What we call juvenile onset or type two diabetes is relatively rare in puppies but it can cause problems for older dogs. The ramifications of diabetes are wide ranging and very serious and if your dog’s sleeping patterns change significantly there is a chance they could be suffering from this disease. If that is the case then you need to talk to your vet, get a treatment plan in place and make sure that you manage the condition properly.
    Just like in humans, type II diabetes can cause problems with vision, circulation and a wide range of other things so it’s really important that you get it treated quickly.
  • Various forms of cancer
    Just like we can – our dogs can end up getting cancer. There is a wide range of cancers that can manifest in a dog and (no different from in humans) they are going to cause an imbalance in their systems. Cancer has some very broad-ranging effects and lethargy is only one of them. If you’re concerned at all then get to your vet. Cancer is also often only picked up at regular vet visits so make sure pup is on schedule for their annual checkup.
  • Improper or poor diet
    If your prize pooch is not getting enough nutrients in their diet then chances are that they are going to be lethargic. The cheapest option is not always the best option when it comes to dog food and if you feel your dog is overly lethargic then it is important to discuss this with your vet. They can make some recommendations around what you could change or supplement the dog’s diet with in order to improve their energy levels.
  • Depression
    Depression manifests in dogs in many of the same ways it does in humans and it is equally unbearable for pooches as it is for people. If your dog is displaying one or all of these symptoms then it is most certainly time to get to your veterinarian and get them sorted. Depression in dogs can be treated and you’ll have a much happier home if you manage it properly. Some of the signs of canine depression include:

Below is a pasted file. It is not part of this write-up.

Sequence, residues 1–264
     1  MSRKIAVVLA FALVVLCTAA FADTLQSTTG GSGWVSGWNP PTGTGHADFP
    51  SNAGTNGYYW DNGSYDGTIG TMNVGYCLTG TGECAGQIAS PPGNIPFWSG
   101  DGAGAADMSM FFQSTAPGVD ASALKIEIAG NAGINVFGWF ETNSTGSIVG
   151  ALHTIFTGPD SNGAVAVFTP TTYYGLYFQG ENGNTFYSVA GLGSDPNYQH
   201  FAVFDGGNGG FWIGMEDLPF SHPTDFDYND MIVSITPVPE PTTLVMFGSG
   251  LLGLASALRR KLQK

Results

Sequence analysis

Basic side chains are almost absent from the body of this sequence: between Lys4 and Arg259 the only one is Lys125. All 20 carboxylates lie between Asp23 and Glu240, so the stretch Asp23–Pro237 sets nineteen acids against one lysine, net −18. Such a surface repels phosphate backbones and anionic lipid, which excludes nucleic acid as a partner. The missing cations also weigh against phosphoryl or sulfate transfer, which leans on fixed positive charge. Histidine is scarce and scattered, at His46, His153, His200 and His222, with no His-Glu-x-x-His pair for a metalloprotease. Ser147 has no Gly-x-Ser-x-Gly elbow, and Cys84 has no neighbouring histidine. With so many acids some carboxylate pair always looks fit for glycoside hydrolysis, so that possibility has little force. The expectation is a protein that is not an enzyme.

• Dogs become withdrawn.
    • They may be more difficult to handle.
    • They no longer participate in things they once enjoyed.
    • Their eating and sleeping habits change.

Of course sleeping in is not always a sign of anything too serious in humans and it’s the same for dogs. Why we sleep and why they sleep are pretty similar, really. Let’s take a look at a few environmental factors now that can have an impact on canine slumber.

Environmental considerations

It’s a little ironic but, just like with us, there are two things that can cause dogs to sleep a lot: too much exercise and too much sitting around.

Dogs will often sleep out of sheer boredom and if your dog is bored then you’re to blame. If your dog is sleeping because they are just pure worn out then you’re doing a great job.

The sleeping dog with a toy

Life is busy, and getting busier all the time. Dogs need and deserve our interaction but we don’t always have the time to give them the time they deserve. If you’re finding that your dog looks bored or they spend a lot of time alone then there are some things you can do to help ease things for them.  Here are a few of our favorites:

  1. Consider a second dog: If you are a one dog household and your dog spends a lot of time by itself (and you’ve got the space) then it can be a great thing to get them a companion. It’s a lot easier if you do it when they’re young so they grow up together. As long as they have space to play two dogs will exercise each other and also keep each other company.
    Of course this comes with extra expense and extra walkies but you will find that dogs from two dog homes tend to be far better at looking after themselves than dogs that are totally reliant on human beings for social activity.
  2. Make sure they’ve got plenty of toys: Give them things that they can interact with on their own terms. Make sure they’ve got access to their favorite toys so they can throw them around and chase them when they’re alone. If all your dog does is sit around all day doing nothing then chances are they are going to doze off and look pretty disinterested with life in general.